1. Use a calendar or planner. Use a calendar or planner to map out your writing schedule and track your progress. This will help you stay organized and motivated.
  1. Be accountable. Share your writing goals with a friend or writing group and check in regularly to stay accountable. This can provide motivation and support when you need it.

Rizzo adds that:

Editorial calendars are a great way to ensure that your book project stays on task and that you meet all deadlines. While there can be some wiggle room within the calendar, setting dates and goals (and sticking with them) is really vital to keep your project moving forward in a timely manner. Without having a solid editorial calendar, projects can easily get sidelined. This is probably one of the main reasons so many books are started but never finished.

Common Obstacles


When writing a book, there are several obstructions that can occur that can slow down progress or even prevent an author from completing their work.

Here are some common obstructions that writers may face:

  1. Writer’s block. This is a common obstacle that can occur when a writer feels stuck and unable to move forward with their writing. It can be caused by a variety of factors such as self-doubt, lack of inspiration, or fear of failure.
  1. Distractions. Writing a book requires a great deal of focus and concentration. Distractions such as social media, emails, or other responsibilities can disrupt a writer’s flow and make it difficult to stay on track.
  1. Time constraints. Many writers have other commitments such as work, family, or other responsibilities that can make it difficult to find the time to write.
  1. Perfectionism. Some writers may get caught up in trying to make their writing perfect and spend too much time editing and revising.
  1. Lack of motivation. Writing a book is a long-term project, and it can be easy to lose motivation along the way.
  1. Research obstacles. Depending on the topic of the book, the author may face research obstacles such as difficulty finding information or lack of access to sources.

Imposter Syndrome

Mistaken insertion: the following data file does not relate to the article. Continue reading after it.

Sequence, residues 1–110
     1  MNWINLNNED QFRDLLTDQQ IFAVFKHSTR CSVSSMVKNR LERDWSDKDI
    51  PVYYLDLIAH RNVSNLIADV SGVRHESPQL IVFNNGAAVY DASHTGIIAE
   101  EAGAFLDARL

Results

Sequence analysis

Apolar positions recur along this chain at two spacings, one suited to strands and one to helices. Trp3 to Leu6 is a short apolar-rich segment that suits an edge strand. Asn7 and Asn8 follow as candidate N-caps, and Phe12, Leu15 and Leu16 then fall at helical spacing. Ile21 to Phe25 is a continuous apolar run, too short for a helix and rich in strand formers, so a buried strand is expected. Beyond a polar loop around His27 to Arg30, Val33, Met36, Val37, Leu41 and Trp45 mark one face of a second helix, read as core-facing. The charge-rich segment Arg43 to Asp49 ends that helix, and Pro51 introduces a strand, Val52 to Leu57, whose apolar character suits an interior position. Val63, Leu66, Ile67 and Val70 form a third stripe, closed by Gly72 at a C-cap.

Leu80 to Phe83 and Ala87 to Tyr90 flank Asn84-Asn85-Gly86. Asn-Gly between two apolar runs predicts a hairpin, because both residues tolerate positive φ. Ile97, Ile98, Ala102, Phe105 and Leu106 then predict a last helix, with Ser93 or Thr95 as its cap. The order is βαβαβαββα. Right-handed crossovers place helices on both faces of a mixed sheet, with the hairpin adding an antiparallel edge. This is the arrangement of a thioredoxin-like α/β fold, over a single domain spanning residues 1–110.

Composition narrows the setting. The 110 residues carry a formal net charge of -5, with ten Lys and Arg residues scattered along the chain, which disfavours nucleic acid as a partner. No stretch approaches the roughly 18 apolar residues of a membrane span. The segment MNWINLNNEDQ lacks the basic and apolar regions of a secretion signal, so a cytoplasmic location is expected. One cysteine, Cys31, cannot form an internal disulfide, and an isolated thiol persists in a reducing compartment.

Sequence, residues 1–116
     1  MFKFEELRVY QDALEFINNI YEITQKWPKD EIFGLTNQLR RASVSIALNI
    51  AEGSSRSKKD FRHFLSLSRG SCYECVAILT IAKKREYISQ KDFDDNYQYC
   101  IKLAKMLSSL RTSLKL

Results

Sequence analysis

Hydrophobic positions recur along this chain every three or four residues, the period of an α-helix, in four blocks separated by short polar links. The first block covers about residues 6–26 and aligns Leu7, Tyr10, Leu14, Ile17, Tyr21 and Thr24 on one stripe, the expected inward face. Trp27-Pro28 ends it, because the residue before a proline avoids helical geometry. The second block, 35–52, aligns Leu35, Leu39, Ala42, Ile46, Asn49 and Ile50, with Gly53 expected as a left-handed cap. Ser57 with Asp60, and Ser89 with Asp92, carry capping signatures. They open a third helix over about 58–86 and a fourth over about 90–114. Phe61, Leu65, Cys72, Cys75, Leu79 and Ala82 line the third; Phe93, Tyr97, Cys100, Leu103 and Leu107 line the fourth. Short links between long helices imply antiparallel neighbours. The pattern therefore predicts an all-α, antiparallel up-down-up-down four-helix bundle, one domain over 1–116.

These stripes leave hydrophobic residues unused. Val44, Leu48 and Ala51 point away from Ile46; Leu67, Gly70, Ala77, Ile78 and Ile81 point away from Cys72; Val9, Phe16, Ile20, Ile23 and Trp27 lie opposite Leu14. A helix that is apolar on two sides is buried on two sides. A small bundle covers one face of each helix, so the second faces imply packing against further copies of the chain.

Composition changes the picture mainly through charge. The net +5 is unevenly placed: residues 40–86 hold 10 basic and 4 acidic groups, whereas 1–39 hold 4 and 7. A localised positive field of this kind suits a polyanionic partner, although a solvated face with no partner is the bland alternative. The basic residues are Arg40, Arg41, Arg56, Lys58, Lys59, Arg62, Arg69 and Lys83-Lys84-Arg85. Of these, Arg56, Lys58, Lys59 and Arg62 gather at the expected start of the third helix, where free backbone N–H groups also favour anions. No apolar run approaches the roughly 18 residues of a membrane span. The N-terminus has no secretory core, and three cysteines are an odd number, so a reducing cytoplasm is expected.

Imposter syndrome is one of the biggest challenges some new writers face. It is a psychological phenomenon where some writers doubt their own abilities and feel like they are not “real” writers, even though they may have achieved some success or recognition for their work in the past.

Imposter syndrome can manifest in a variety of ways, including:

  • Feeling like a fraud or impostor when receiving praise or recognition for their writing.
  • Believing that their writing is not good enough, even if others disagree.
  • Comparing themselves to other writers and feeling inadequate.
  • Feeling like they are not a “real” writer because they don’t write full-time or have a traditional publishing contract.
  • Struggling with writer’s block or procrastination due to feelings of self-doubt.

Imposter syndrome can be caused by a variety of factors, including a fear of rejection or failure, unreasonable expectations, and perhaps a lack of confidence.

It can be detrimental to a writer’s mental health and productivity, as it can lead to self-sabotage and a lack of creativity.

To overcome writer’s imposter syndrome, it is very important for new writers to recognize their own achievements and value, and for them to develop a positive and realistic self-image.

This can be achieved by reframing negative self-talk, looking for support from other writers or a writing group, and setting realistic goals and expectations.

It is also important to remember that everyone experiences self-doubt and that it is a natural part of the creative process.

Book Writing Strategies

If you are serious about finishing your book, there are several great ways to ensure you keep your project on track.

A great project management tool many writers use is the SMART objective tool, which is a well-established instrument for planning and achieving goals.

Here is a breakdown of what each letter in the acronym SMART stands for:

  1. Specific. The objective should be clear and specific. It should answer the questions of what, why, who, and how.
  1. Measurable. The objective should be measurable in some way, so you can track progress and determine when it has been achieved. It should answer the questions of how much, how many, or how will you know when it’s complete.
  1. Achievable. The objective should be achievable and realistic, given the resources, time, and other constraints you have.
  1. Relevant. The objective should be relevant to the overall project or goal and contribute meaningfully to its success.
  1. Time-bound. The objective should be time-bound, with a clear deadline or timeline for completion. It should answer the question of when.

Additionally, you may want to set yourself some realistic word count goals. Be careful not to over-commit, but, If you want to write your book fast, good word count ambitions could be:

  • 1,500-2,000 words per session
  • 9,000-15,000 words per week
  • 35,000-50,000 words per month

When asked how many words per day new writers should consider committing to, Rizzo says: